The company considers a remote worker to be someone who lives outside of a two-hour commute to the Wynyard office.

While it employs around a third of its team in Australia, a number which currently stands at over 2,000, the plan is to triple that number in the coming years to build a 7,000 strong local workforce. people.

Out of office

Amid an ongoing conversation about how office work could be reinvented in a future that is increasingly seen as a “new normal” as opposed to the “post-pandemic” optimist, the policies of The company, modeled on Silicon Valley companies with long-standing remote work policies like GitLab, imagine a future built for mostly self-directed knowledge workers.

The policy uses a self-service model to automate the moving process that does not require manager or HR approval or intervention for employees to move.

“We believe that distributed work is the future of work, and that by living it at Atlassian, our teams will create better products for customers in the future,” Atlassian said in a statement.

“I think even we were pleasantly surprised at the access to incredible talent we had saying, ‘Actually, we’re not limited to people who can travel from our office in Sydney,'” Price said. .

Suddenly the Australian market opened up to “a whole new spectrum of people, a whole new kind of talent pool”, he said.

Remote hiring has been forced on almost every organization due to stay-at-home orders. But Price said that necessity helped the company understand how their onboarding processes could work alongside remote work.

This “gave us confidence” to move forward with its longer-term strategy.

“When we made ‘Team Anywhere’ we thought we were onto something, we just weren’t sure? We didn’t have the data at the time,” he said.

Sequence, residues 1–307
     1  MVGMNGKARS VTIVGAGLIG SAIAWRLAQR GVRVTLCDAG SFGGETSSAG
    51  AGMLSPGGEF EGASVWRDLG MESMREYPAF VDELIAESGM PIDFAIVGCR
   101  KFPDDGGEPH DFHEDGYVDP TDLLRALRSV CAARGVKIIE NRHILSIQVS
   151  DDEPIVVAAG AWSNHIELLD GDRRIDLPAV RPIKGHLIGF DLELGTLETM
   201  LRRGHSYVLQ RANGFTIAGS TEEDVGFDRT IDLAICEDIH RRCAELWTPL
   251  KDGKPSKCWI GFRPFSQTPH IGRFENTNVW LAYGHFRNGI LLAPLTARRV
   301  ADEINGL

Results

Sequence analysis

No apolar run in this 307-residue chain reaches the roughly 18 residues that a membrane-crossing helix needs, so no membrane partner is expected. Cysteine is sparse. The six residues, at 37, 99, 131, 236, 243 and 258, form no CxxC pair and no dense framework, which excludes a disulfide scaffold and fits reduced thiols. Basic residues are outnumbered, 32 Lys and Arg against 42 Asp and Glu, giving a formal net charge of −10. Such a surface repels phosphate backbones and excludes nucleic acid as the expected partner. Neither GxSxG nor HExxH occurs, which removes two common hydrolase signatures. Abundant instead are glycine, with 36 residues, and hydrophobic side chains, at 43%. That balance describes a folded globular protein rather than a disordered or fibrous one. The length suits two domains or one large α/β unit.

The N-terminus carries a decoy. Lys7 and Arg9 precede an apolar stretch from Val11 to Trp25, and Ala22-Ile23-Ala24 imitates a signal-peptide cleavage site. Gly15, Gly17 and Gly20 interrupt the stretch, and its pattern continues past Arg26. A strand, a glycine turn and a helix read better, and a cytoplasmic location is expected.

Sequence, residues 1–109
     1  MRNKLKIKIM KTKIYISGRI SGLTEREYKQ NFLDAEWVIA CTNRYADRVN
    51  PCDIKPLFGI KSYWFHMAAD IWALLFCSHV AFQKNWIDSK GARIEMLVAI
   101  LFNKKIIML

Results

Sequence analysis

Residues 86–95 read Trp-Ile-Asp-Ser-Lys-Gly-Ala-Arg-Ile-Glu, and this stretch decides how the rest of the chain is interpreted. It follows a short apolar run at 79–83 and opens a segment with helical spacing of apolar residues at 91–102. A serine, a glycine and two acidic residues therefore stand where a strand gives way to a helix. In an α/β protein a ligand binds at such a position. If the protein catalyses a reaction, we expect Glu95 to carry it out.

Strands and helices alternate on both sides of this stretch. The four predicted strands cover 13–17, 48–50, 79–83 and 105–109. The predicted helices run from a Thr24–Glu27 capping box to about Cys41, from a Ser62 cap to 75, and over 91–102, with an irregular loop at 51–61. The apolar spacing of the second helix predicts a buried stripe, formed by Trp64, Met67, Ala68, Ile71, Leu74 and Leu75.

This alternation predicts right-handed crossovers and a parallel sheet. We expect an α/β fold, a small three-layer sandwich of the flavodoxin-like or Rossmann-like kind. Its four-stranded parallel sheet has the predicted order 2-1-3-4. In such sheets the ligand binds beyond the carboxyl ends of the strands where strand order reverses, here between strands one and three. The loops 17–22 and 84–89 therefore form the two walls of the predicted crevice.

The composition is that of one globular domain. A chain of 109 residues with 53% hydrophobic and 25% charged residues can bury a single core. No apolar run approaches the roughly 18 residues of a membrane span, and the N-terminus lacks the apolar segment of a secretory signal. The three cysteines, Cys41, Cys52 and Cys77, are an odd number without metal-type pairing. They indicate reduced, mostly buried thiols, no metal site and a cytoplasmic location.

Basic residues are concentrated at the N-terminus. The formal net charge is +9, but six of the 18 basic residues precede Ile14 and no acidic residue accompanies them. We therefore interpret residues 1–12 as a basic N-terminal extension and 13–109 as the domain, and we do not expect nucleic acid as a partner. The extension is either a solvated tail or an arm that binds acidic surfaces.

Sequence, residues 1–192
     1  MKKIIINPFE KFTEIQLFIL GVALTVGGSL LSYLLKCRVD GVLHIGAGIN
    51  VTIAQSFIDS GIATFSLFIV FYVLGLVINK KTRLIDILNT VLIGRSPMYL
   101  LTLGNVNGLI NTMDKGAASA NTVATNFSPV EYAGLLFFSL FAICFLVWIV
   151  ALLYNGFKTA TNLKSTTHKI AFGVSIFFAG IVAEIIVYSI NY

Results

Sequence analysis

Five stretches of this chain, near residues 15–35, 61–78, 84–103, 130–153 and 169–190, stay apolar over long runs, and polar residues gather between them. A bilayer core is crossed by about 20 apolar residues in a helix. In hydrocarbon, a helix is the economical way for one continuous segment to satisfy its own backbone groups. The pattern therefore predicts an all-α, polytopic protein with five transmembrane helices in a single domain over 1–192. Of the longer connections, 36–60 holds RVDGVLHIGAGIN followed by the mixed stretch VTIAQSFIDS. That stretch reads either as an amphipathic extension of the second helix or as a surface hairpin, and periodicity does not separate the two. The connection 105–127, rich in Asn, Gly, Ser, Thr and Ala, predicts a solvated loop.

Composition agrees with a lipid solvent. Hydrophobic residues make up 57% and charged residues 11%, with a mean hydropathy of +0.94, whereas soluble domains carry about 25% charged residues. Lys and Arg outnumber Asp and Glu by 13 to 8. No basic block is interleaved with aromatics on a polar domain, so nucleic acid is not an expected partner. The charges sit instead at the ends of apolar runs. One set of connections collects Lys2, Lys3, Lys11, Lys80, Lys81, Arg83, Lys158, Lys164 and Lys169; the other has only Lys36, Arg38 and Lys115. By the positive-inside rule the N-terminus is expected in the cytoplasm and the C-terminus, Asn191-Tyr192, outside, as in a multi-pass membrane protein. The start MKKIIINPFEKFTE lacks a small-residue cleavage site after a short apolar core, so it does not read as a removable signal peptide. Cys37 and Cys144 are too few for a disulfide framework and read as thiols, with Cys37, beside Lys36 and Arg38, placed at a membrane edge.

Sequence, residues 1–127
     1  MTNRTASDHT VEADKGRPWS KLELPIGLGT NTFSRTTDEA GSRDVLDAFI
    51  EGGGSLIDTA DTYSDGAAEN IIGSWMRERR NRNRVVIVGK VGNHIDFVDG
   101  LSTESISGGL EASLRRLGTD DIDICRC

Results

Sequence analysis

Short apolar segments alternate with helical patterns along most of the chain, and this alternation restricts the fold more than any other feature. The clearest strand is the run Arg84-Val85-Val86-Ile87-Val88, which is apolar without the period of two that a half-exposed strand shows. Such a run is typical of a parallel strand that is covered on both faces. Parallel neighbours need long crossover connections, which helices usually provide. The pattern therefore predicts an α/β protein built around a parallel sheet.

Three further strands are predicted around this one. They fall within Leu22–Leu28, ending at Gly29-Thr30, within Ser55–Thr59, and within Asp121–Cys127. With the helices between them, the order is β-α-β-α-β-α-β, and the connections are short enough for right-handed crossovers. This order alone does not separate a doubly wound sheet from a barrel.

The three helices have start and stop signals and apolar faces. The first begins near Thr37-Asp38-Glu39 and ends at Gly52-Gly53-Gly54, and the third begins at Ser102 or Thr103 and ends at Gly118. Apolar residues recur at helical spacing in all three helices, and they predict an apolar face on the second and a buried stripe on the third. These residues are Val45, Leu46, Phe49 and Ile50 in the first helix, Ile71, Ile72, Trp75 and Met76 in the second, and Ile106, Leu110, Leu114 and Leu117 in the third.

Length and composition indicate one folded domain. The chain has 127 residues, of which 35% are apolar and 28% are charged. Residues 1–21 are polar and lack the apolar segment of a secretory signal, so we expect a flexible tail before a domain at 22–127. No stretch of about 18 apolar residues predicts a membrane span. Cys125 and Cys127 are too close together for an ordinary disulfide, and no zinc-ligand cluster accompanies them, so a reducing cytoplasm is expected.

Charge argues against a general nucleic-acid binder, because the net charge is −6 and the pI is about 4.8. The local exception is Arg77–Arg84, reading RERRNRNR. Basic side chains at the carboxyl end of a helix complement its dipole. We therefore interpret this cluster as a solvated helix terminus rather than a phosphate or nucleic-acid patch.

“What’s happened over the past two years of the ups and downs of the pandemic is that it’s actually created a level of adaptability and resilience in our people.”

Price said in surveys that 75% of staff responded on a scale of their satisfaction, with “Team Anywhere” being excellent or very excellent.

Hire the next 5,000

Proving it could grow in the midst of a pandemic meant the company could now move on to the next phase of growth, Price said.

“Now we’re not doubling, we’re tripling because we want to go from 2,000 to 7,000,” he said, which “will be no small task.”

“But we’ve known for 18 months that we have the mechanisms in place to do that.”

Atlassian’s plan to cast a wide net across the whole of Australia to find not just tech talent but the “best people” in a range of roles is set to become more of a standard for a wider range of people. Australian businesses.

“I hope other companies do the same,” Price said.

“I actually think this is an incredible opportunity for a lot of Australian businesses, some of which I think are already starting to do this.

“If we remove this constraint related to the location of our physical offices, we can hire the best employees where they are. It’s a win-win.

Michael A. Bynum